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William Grose Park is a modest little park dedicated to a truly great individual. Tucked away between in the Madison Valley neighborhood of Seattle, it is located near the corner of 30th ave and Howell St. The park is less popular than the nearby water catchment park, but still has its fair share of visitors. The park contains a few trees, a sizeable area of grass and weeds, a few garbage cans, picnic tables, and benches, along with a winding cement path through the center. Beside the path, there is a plaque honoring William Grose. It reads: “1835- 1898, William Grose, sailor - farmer - goldminer - hotelier - restaurateur - early supporter of the First African Methodist Episcopal Church. The first person of African descent to own property in East Madison / Seattle - 1882. Dedication 1983.”


  • William Grose
  • William Grose's House

William Grose was born and raised in Washington D.C., he left home at the age of 18 to join the Navy, where he traveled the world in service of the country. From an early age, Grose saw the wrongs being done to African-Americans and decided to take action. After his honorable discharge from the military, he took up work on a farm in California, where he helped illegally enslaved African-Americans escape. Grose had many interesting exploits while assisting illegally enslaved people escape their bonds, among these is when he traveled all the way to Panama to prevent the deportation of slaves back to the United States.

While working as a steward on a ship, Grose met the governor of Washington, Isaac Stevens, whom he impressed by finding and keeping safe a watch belonging to Stevens. The governor appreciated Grose’s actions and believed that Seattle could use more caring and generous people. Grose did move to Seattle, picking up work as a cook, which made him the second black settler in the then small city of Seattle. After working as a cook, Grose opened his own restaurant and hotel, called “Our House”, located in Pioneer square. In 1882, Grose bought 12 acres of land in the East Madison area of Seattle to move into with his wife of 3 years, Sarah.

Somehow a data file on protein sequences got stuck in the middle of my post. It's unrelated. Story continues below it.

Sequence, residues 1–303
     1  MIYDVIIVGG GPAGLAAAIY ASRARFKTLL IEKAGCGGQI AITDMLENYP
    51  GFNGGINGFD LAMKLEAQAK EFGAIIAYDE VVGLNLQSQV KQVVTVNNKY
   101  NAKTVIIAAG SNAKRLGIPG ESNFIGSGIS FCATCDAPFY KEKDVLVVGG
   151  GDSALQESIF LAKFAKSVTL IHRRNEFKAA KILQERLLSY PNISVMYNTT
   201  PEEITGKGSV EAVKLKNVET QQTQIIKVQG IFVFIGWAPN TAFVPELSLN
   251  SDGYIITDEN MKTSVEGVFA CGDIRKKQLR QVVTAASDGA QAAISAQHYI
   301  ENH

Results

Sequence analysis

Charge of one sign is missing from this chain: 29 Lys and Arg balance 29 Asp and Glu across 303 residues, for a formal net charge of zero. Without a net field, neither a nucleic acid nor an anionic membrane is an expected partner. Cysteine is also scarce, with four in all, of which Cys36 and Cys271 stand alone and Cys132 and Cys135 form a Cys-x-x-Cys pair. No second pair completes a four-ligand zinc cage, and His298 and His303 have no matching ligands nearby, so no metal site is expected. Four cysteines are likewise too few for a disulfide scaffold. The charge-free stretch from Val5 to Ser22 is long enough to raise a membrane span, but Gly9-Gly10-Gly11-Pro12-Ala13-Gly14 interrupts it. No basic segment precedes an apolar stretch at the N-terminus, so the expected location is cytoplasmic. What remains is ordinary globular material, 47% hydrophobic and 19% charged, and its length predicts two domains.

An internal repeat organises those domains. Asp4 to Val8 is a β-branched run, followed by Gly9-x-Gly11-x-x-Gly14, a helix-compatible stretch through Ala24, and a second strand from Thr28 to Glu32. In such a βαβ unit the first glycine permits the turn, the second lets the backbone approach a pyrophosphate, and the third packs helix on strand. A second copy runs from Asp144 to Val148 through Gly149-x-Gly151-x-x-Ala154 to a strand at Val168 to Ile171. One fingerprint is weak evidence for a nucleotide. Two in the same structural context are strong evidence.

Grose was a very generous man; for instance, after he sold his hotel, it burnt down in the Great Seattle Fire. Rather than keeping the money, Grose went to the buyer and refunded him the full amount. Grose also sold property in the Central District at reasonable prices to other African Americans looking to live in Seattle. This allowed people to avoid the racist property ownership laws in Seattle at the time and allowed the African American community to grow in the area. These actions by Grose are one of the main reasons why the Central District is a historically black area of Seattle. Throughout the rest of his life, Grose supported many other causes to help African Americans in the Seattle area and throughout the country. Grose died in 1898, leaving his impact on the rest of the world.

The park that is now dedicated to William Grose was originally named “30th ave. mini-park” when it was acquired in 1970, but in 1983, after some changes, it was dedicated to William Grose.

William Grose Park, Seattle Parks and Recreation. Accessed June 4th 2020. https://www.seattle.gov/parks/find/parks/william-grose-park.

Henry, Mary. Grose, William, History Link. November 27th 1998. Accessed June 4th 2020. https://www.historylink.org/File/393.

Jones, Jae. William Grose: One of the Wealthiest Black Businessmen in Seattle During the 19th Century, Black Then. February 6th 2019. Accessed June 4th 2020. https://blackthen.com/william-grose-one-wealthiest-black-businessmen-seattle-19th-century/.

Tamblyn, George. William Grose, Black Past. January 26th 2007. Accessed June 4th 2020. https://www.blackpast.org/african-american-history/grose-william-1835-1898/.

William Grose home, Seattle, ca. 1975, Black Heritage Society. Accessed June 4th 2020. https://digitalcollections.lib.washington.edu/digital/collection/imlsblackhs/id/91/.

Image Sources(Click to expand)

Jones, Jae. William Grose: One of the Wealthiest Black Businessmen in Seattle During the 19th Century, Black Then. February 6th 2019. Accessed June 4th 2020. https://blackthen.com/william-grose-one-wealthiest-black-businessmen-seattle-19th-century/.

William Grose home, Seattle, ca. 1975, Black Heritage Society. Accessed June 4th 2020. https://digitalcollections.lib.washington.edu/digital/collection/imlsblackhs/id/91/.

Jaxon Gordon

Jaxon Gordon